The value of a country’s currency is often judged by weighing it against other countries’ currencies. When one country decides to lower the value of its monetary units, this is known as currency devaluation. As a result, stronger currencies are capable of buying more of the weaker currency.
Most people think of money as something which is used to make purchases. Many do not consider that money may also be purchased. There are numerous types of currencies in the world. Each normally has a different value when they are compared.
For example, one US dollar (USD) may equal seven South African rands (ZAR). This means if a person took one USD to South Africa and exchanged it, she would receive seven ZAR. If, however, South Africa decided to devalue its currency, one USD would purchase more ZAR, perhaps ten, because they would be cheaper.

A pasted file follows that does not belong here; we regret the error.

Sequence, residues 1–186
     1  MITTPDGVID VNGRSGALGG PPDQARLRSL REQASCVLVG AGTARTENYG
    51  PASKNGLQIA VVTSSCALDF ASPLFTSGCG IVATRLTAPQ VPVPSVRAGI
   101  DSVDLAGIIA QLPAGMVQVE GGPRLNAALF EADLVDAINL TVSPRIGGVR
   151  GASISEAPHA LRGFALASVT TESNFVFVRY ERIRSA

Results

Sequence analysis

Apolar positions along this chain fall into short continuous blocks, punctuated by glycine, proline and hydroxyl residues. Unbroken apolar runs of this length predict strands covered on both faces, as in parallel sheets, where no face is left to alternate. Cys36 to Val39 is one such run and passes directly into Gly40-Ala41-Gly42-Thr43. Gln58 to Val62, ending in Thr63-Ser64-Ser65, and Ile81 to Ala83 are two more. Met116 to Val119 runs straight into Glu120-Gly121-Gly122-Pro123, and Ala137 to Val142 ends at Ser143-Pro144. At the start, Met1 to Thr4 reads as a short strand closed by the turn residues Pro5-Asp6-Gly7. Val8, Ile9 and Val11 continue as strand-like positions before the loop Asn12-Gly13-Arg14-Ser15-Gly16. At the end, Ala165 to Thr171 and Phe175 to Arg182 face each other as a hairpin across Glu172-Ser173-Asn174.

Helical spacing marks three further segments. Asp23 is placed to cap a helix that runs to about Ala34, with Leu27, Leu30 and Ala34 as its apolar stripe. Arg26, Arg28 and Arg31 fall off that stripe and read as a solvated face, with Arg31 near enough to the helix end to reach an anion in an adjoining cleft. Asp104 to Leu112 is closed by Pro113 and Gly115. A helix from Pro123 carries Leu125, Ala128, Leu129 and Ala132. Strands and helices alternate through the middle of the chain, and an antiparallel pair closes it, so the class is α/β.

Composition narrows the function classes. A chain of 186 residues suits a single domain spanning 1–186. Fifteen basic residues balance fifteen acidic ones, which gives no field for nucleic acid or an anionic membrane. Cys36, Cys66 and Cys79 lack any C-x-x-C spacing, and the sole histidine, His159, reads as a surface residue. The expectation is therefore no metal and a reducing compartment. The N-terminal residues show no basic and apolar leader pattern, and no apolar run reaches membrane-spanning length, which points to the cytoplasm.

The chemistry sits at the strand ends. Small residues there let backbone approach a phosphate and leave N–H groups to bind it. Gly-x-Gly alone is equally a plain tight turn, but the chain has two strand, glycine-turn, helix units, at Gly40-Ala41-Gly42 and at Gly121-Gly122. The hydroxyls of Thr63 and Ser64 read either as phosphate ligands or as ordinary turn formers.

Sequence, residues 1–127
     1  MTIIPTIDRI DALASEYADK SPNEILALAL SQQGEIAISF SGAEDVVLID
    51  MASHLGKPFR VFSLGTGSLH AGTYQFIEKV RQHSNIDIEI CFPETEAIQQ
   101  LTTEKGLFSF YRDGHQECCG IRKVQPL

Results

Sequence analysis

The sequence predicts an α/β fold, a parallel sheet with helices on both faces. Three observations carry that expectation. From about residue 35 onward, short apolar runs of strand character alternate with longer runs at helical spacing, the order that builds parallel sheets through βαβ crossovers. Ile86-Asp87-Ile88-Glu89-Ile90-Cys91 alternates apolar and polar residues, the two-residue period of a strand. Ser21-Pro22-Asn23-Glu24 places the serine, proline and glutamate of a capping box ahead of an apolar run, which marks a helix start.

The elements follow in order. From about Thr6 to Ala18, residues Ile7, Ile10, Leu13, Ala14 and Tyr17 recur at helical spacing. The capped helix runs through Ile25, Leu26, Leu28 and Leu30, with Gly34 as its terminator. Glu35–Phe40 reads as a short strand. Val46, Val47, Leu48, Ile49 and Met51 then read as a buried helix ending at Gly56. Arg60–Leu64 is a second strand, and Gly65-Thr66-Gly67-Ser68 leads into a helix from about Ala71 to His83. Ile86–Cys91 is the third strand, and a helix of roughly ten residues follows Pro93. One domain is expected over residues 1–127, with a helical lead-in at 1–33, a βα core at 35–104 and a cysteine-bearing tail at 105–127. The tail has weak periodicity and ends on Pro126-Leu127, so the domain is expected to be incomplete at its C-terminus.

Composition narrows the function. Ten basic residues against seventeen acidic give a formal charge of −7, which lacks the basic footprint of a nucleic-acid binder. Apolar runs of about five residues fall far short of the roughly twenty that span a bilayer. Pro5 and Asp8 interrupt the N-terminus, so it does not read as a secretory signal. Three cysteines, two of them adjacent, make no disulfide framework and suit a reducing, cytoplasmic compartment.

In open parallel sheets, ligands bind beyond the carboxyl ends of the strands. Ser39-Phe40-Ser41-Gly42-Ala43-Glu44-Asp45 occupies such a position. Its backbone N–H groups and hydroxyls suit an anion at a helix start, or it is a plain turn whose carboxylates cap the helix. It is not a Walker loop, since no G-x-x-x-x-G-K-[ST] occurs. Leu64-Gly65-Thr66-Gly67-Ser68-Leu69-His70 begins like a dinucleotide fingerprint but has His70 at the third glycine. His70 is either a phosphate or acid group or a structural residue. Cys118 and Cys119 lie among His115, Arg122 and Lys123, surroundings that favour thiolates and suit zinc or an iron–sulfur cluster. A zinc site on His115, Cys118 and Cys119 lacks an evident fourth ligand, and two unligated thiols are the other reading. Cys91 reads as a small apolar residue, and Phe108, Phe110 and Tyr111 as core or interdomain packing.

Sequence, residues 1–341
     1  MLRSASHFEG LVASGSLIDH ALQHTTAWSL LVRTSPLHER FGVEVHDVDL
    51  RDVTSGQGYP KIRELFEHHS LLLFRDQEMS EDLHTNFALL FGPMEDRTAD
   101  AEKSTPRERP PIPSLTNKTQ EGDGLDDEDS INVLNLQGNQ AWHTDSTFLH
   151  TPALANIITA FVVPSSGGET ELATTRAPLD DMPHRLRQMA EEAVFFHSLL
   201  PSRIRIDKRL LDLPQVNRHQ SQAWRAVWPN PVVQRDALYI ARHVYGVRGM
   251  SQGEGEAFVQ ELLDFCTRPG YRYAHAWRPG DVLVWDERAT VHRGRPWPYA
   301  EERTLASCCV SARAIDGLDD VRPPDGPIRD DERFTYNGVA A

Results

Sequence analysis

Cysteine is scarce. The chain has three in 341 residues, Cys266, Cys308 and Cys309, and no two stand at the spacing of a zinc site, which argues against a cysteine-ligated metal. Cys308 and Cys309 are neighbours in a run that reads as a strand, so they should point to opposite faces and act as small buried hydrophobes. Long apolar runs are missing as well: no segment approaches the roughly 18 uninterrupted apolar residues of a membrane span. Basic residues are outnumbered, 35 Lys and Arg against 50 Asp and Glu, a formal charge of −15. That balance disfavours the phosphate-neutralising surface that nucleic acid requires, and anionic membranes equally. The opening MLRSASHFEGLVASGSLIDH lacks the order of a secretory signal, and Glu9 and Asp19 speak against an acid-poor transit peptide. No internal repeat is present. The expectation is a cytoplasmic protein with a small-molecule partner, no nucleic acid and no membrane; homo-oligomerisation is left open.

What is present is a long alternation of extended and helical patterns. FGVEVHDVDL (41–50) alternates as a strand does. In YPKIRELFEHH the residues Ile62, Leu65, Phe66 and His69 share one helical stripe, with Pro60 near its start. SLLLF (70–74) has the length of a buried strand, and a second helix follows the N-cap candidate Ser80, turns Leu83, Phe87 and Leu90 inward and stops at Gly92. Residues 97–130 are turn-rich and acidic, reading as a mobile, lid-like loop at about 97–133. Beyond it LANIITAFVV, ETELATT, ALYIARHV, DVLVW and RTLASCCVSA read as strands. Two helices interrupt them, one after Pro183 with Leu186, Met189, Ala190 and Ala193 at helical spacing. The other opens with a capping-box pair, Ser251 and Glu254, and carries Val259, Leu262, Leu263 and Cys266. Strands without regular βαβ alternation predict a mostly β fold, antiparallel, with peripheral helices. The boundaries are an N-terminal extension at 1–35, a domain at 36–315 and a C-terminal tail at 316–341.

On the contrary, currency devaluation means that the weaker currency will purchase less of more expensive currencies. If the person with seven South African rands wanted to exchange them for US dollars after the currency was devalued, she would not even receive a full dollar. Her seven ZAR would only equal some cents when converted to American currency.